In the first of a new regular feature, The Journal of Human Lactation and Sage Publications has just launched its FIRST PODCAST entitled “On the TRAIL of cancer fighting cells in human milk: The latest research” . These podcasts will feature the author of a JHL paper in a 10-15 minute interview and will be available from the JHL website. The goal is to have at least 1 podcast per JHL issue.

In the current podcast, Editor-in-Chief Anne Merewood PhD, MPH, IBCLC, interviews Italian researchers Riccardo Davanzo MD PhD, and Giorgio Zauli MD PhD, about their paper “Human Colostrum and Breast Milk Contain High Levels of TNF-Related Apoptosis-Inducing Ligand (TRAIL)”, published online in the Journal of Human Lactation. The researchers, in a first-time effort to measure TRAIL in human milk, took samples of colostrum and mature breast milk from new mothers. Researchers then obtained samples of blood from healthy women, and various ready-to-feed infant formulas. The colostrum, mature breast milk, blood and formula were then all tested to measure their level of TRAIL. The researchers found that colostrum and breast milk contained 400- and 100-fold, respectively, higher levels of TRAIL than blood. No TRAIL was detected in the formula.

In the podcast, the authors discuss the implications of their findings with regard to the cancer prevention properties of human milk, and areas of ongoing and future research. High levels of TRAIL protein in breast milk might contribute to anticancer activity.

For subscribers to the journal, read the full study here: “Human Colostrum and Breast Milk Contain High Levels of TNF-related Apoptosis-Inducing Ligand (TRAIL)” by Riccardo Davanzo, MD, PhD; Giorgio Zauli, MD, PhD;Lorenzo Monasta, MSc, DSc; Liza Vecchi Brumatti, MSc; Maria Valentina Abate, MD;Giovanna Ventura, MD; Erika Rimondi, MSc, PhD; Paola Secchiero, MSc, PhD; and Sergio Demarini, MD. Journal of Human Lactation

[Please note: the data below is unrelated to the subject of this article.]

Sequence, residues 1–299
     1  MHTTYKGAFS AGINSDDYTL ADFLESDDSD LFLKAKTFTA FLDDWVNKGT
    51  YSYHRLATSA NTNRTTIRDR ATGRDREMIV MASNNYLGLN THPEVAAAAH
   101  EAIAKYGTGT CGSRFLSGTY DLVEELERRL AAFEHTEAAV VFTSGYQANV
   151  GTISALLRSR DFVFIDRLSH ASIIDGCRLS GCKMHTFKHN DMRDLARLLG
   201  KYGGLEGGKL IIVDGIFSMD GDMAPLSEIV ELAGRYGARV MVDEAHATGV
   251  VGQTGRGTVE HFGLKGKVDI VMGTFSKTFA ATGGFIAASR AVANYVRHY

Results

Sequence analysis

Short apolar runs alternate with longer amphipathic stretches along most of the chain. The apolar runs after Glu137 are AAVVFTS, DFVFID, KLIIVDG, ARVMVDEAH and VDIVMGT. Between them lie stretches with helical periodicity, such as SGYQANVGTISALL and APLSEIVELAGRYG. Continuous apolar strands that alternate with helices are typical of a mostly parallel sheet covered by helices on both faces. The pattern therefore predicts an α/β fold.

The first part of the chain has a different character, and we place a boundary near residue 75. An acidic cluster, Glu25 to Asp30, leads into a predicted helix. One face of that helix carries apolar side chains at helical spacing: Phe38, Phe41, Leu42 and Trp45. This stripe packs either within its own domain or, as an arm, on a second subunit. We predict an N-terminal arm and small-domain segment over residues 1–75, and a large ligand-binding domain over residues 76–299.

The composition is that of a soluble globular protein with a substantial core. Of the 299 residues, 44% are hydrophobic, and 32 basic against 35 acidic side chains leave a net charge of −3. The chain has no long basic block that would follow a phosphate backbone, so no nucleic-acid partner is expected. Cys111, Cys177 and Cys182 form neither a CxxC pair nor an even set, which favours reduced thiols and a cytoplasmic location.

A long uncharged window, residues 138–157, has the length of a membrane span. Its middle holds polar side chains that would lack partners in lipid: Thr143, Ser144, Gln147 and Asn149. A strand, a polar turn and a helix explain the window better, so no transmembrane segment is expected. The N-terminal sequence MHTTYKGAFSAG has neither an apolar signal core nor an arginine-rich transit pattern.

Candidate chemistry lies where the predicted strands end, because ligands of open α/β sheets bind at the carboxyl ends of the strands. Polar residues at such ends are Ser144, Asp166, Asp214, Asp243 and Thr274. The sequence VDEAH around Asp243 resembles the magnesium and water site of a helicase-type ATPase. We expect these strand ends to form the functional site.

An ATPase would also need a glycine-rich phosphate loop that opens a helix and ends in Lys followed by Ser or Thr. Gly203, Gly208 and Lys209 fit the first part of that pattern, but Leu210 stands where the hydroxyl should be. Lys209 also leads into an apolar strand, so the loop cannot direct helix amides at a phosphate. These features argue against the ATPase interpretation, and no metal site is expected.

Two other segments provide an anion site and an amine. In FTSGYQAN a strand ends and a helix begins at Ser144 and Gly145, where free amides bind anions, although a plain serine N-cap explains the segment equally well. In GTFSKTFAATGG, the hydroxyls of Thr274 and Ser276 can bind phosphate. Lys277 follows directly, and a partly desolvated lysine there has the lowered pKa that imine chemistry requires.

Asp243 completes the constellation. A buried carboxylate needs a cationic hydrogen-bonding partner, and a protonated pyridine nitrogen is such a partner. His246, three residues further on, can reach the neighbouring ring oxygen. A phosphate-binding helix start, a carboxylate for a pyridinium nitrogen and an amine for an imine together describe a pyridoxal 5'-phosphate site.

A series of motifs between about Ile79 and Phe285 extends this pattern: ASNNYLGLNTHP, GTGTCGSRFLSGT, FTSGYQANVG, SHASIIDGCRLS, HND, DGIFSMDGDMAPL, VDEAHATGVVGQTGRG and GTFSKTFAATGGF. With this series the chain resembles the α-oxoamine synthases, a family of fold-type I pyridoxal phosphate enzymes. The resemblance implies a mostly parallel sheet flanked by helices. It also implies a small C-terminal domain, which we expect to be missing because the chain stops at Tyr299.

Karen Wambach is the Director of Research and Special Projects for ILCA. Karen received her nursing degrees from the University of Minnesota in 1982 (BSN), and her MS (1989) and PhD in Nursing (1993) from the University of Arizona. A nurse educator, researcher, and IBCLC, Karen is Associate Professor at the University of Kansas. She has been active in ILCA at the local, regional, and international levels as a presenter, regional conference planner, and member and chair of the ILCA Research Committee. She is a member of the Missouri and Kansas Breastfeeding Coalitions and involved in evaluation of the Kansas Breastfeeding Coalition’s Business Case for Breastfeeding project. A recipient of NIH funding for a randomized clinical trial; her program of research has evolved over the years and now focuses on promotion and support of breastfeeding in vulnerable populations including adolescent mothers and ethnic minorities.